For many travelers, visiting New Zealand is synonymous with traversing verdant hillsides and warm beaches, exploring waterfalls and lush valleys along the way. And while these are definitely natural highlights of a trip to New Zealand, there’s much more to experience beyond these well-known sights. In fact, go south, that is below South Island in the Southern Ocean, and another world emerges: the remote and wildly beautiful subantarctic islands of New Zealand and Australia where birds often outnumber humans by a million to one. These pristine and very remote islands, teeming with endemic wildlife and plants found nowhere else in the world, are rarely seen by humans. In fact, they are some of the Earth’s least-disturbed places and are so spectacularly unique and have such sizable wildlife populations and significant extents of biodiversity and endemism, that the entire area has earned a UNESCO designation.
What to see while in these distant and beautiful subantarctic islands? Read on:
Incredible wildlife populations and endemism
Much like the Galapagos, subantarctic New Zealand’s wildlife was blown or forced here at some point in its history by severe wind and weather (the area is sometimes referred to as the Galapagos of the Southern Ocean). And then, they stayed, never developing migrating instincts, meaning they can always be found here. Among the wildlife highlights: more than half the world’s sea birds, some of which exist nowhere else; plus millions of penguins and thousands of fur seals, elephant seals, and sea lions.
The Auckland Islands, the largest of New Zealand’s subantarctic islands, have rich flora that attracts prolific birdlife. At Enderby Island, you may see rare, yellow-eyed penguins as they move to and from their nests in the forests beyond the beach. There’s also a large sea lion colony here as well as Southern right whales that migrate through the area. The UNESCO World Heritage designation includes the waters around the islands in recognition of the inter-dependence of life both above and below the sea.
The Snares Islands, the closest subantarctic islands to South Island, are home to 99 recorded species of breeding birds, including albatross, Antarctic terns, and Snares crested penguins.
And on Campbell Island, the southernmost point in New Zealand, are six species of albatross, an endemic duck (the Campbell Island teal), and an endemic subantarctic snipe, as well as numerous songbirds and seabirds that breed here.
But it’s Macquarie Island, the most remote of the subantarctic stops, which has one of the most impressive birding sites with more than a million penguins. Four species of penguin breed here, including the endemic royal penguin with a staggering population estimated at 850,000. Gentoo and southern rockhopper penguins also breed here, and there are 100,000 pairs of king penguins—the third largest such colony in the world.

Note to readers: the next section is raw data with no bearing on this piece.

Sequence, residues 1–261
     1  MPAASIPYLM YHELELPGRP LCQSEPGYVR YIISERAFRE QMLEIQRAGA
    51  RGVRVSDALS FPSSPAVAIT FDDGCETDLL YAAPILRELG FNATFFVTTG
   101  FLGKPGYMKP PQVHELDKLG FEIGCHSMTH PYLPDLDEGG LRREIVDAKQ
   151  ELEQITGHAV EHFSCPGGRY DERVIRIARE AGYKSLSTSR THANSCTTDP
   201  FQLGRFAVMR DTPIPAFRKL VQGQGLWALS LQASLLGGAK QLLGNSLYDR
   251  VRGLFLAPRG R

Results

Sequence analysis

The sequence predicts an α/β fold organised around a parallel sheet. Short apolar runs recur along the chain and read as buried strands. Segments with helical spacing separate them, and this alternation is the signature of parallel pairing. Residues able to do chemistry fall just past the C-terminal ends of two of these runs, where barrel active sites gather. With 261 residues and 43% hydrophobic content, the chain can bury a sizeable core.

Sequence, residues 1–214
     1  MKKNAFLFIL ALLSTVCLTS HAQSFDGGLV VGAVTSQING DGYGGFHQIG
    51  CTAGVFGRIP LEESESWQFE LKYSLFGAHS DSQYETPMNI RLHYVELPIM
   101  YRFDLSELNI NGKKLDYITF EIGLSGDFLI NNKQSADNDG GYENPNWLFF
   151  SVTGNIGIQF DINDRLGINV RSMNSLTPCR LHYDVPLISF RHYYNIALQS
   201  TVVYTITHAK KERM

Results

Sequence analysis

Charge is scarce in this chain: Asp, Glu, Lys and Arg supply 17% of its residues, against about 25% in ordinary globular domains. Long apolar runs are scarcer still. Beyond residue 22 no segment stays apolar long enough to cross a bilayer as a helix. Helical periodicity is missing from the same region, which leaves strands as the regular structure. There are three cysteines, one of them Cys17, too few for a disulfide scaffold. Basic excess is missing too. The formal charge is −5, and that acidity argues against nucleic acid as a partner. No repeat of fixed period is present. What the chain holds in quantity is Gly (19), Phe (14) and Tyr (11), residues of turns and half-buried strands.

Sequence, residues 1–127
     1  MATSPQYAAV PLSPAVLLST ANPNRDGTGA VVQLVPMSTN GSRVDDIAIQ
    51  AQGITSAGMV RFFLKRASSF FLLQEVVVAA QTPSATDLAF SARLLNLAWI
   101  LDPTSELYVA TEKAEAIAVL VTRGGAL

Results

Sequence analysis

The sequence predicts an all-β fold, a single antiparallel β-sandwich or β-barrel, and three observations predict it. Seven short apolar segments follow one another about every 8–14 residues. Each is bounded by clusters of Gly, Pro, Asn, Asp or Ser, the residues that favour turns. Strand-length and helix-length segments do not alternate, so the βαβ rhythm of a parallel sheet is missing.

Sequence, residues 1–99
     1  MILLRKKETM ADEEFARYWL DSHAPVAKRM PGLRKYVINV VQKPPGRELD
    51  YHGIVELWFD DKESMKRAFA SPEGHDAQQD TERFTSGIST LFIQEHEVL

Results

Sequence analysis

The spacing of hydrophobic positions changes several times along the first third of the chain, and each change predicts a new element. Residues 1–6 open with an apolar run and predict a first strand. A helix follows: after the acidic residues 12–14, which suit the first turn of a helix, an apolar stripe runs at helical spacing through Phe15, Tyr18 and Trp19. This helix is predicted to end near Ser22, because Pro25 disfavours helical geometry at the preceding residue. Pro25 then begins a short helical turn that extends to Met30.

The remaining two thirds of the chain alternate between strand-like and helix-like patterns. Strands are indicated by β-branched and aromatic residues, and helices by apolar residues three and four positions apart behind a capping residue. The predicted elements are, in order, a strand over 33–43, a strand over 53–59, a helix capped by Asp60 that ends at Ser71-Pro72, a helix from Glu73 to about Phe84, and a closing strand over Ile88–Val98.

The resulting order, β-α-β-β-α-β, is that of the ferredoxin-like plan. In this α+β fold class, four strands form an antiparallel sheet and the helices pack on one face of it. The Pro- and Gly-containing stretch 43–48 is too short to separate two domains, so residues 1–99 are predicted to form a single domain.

Unique and surprising flora
If you envision subantarctic landscapes as bleak and monotonous, you’re in for a pretty big surprise. Instead of small, self-pollinating, low-to-the-earth ground covering, here you’ll find “megaherbs”—large, flowering plants with wide, rippled dark green leaves. How do these blooming beauties survive in the harsh climate? Their bright flowers seem to hold the key to the mystery; researchers believe that the deeply colored petals absorb heat from the sun and help them grow.
Other colorful flora to look for in The Snares: Tree Daisies. In another anomaly for the subantarctic, these flower-covered trees reach heights of 15 feet, and their sunny golden petals make them easy to spot.
Fascinating geological formations
As you may have predicted, the geography of these subantarctic islands is definitely noteworthy. You’ll see geologic evidence of both volcanic activity and glaciation when you sail here.
Heading south from the mainland, you’ll first encounter The Snares, a large group of islands formed from granitic rocks. Granitic outcroppings can be seen rising out of the water in dramatic, and photo-worthy, sea stacks.
On volcanic Campbell Island, you’ll spot basaltic dykes in sedimentary rock that look like giant black spiderwebs stretched over the sides of the island. Here also, soaring cliffs are etched with caves carved by centuries of marine erosion.
Another highlight: Macquerie Island is the only place in the world where rocks from the earth’s mantle, nearly four miles beneath the ocean’s floor, are being actively exposed above sea level.
Important protections include restricted access
New Zealand takes the protection of the subantarctic islands incredibly seriously. The successful ecological restoration efforts of the government are a large part of what earned the area its UNESCO status, and the islands are part of New Zealand’s National Nature Reserves, the country’s highest conservation designation.
New Zealand closely monitors the number of permits and people they will allow each year. Lindblad is one of the very few outfitters to have received special permission to take guests on a voyage to this wild and wonderful destination.